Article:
College of Health and Human Services
George Mason University
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George Mason University

Health Policy Webinar Explores Drug Development and Pricing in COVID-19

August 26, 2020   /   by Sarah Mae Dizon

Various parts of the biopharmaceutical industry have been committed to addressing the COVID-19 global pandemic. This health policy webinar explored possible treatments and vaccines to COVID-19 and the industry’s role in producing them.

“Part of our challenge in this drug pricing space is balancing affordability and access to support innovation,” noted Dr. Alison Cuellar, who served as moderator. She was joined by three experts to discuss this topic and the unique set of challenges faced by the biopharmaceutical industry. The webinar is the third installment of the Center for Health Policy Research and Ethics (CHPRE) summer lecture series on health policy issues.

Dr. Mary Kosinki is the chief of staff and deputy vice president for science and regulatory advocacy of The Pharmaceutical Research and Manufacturers of America (PhRMA). She gave an overview of PhRMA’s framework for beating the virus. It is a multifaceted approach, emphasizing collaboration between government agencies, hospitals, and doctors around the world, screening for potential treatments, and maximizing resources to explore new technologies. Kosinski stated that currently, there are 1,228 clinical trials underway across the globe for vaccinations and treatments of COVID-19.

Equally as important as developing a treatment or vaccine, is determining its price. This has profound effects on its accessibility to patients. Dr. Peter Bach spoke next on determining the affordability of COVID-19 treatments. He explored different ways that drugs can be priced in the market. Bach is the director of the Center for Health Policy and Outcomes at the Sloan Kettering Cancer Center in New York.

“We should be trying, in nearly all cases, to pay at a level of needed incentive,” he said, emphasizing the importance of striking a balance between affordability and encouraging innovation. “We should pay enough that the next company wants to take the plunge and try to develop a new therapy. We should also pay efficiently, not pay excessive amounts for drugs that barely work.”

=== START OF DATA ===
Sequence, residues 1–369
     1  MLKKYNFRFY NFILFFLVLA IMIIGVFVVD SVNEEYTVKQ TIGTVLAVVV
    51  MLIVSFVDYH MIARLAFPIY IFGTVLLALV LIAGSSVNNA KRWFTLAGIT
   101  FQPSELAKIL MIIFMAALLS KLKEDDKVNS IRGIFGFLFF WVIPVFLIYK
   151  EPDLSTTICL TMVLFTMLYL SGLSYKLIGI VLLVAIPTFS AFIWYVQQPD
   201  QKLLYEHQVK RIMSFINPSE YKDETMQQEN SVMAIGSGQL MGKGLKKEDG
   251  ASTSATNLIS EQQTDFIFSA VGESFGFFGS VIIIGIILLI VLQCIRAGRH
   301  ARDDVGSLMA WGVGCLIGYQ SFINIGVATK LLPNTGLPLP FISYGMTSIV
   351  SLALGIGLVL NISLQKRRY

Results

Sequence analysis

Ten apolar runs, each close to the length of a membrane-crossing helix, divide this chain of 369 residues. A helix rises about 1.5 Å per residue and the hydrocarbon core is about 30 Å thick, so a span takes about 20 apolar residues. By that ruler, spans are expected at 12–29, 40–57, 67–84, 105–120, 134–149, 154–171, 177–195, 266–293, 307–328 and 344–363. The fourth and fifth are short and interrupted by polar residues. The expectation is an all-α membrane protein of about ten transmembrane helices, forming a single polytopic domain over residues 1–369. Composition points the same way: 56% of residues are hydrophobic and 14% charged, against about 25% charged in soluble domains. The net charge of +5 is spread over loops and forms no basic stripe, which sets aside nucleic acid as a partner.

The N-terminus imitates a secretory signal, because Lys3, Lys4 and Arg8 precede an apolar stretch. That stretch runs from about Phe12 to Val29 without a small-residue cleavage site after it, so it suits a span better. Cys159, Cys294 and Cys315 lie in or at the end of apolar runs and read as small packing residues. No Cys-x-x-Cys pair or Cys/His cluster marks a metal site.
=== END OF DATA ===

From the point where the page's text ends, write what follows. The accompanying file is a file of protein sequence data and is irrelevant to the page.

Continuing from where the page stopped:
Due to current trends that show that low-income, minority populations are more susceptible to severe cases of COVID-19 in addition to steep unemployment rates across the country, Bach noted the importance of ensuring accessibility for COVID-19 treatments.

Dr. Marta Wosinska, the director of the Margolis Center at Duke University also spoke on drug pricing as well as the supply chain for products in the biopharmaceutical industry. She noted that marketers must think about a consumer’s willingness to buy a product; this can be determined through focus groups, doctors, and other parts of the medical industry.

Another important point she raised is that pricing treatments for COVID-19 affect a company’s image to consumers. If a company sets a price too high, it can be signal to the public that profit is a higher priority than public health. At the same time, a company’s manufacturing capacity has an additional effect on prices.

On the topic of a COVID-19 vaccine, Wosinska cautioned that implementing it would take a long time. “It will take a lot to immunize hundreds of millions of Americans,” she noted. Currently, she said that five vaccine candidates are being manufactured in significant supply in the case they’ll be approved for the public. Wosinska recommended more research in therapeutics as inoculation of a vaccine will take place over a prolonged period. Bach echoed her sentiments, noting that our country should prioritize basic public health measures.

“You can see in Europe that the basic effort of testing, tracking and isolating, doesn’t drive rates down to zero, but it drives rates down a lot,” he explained. Additionally, as with testing for the virus, accessibility to a vaccine for underserved communities might be slim. “The therapeutic benefit of reducing infection rates today in terms of life expectancy gain, will swamp the benefits of a vaccine for a very long time.”

In order to ensure accessibility and affordability, Kosinski and Wosinska noted the importance of public-private partnerships in a coordinated response to the current pandemic. Kosinski assured that the biopharmaceutical industry is doing its best and will continue to prioritize the needs of patients.

“Let the data drive the conversation. Ask the right questions. Be willing to hear all different pieces of the ecosystem,” said Kosinski.

Learn more about the Center for Health Policy Research and Ethics Health Policy Lecture Series.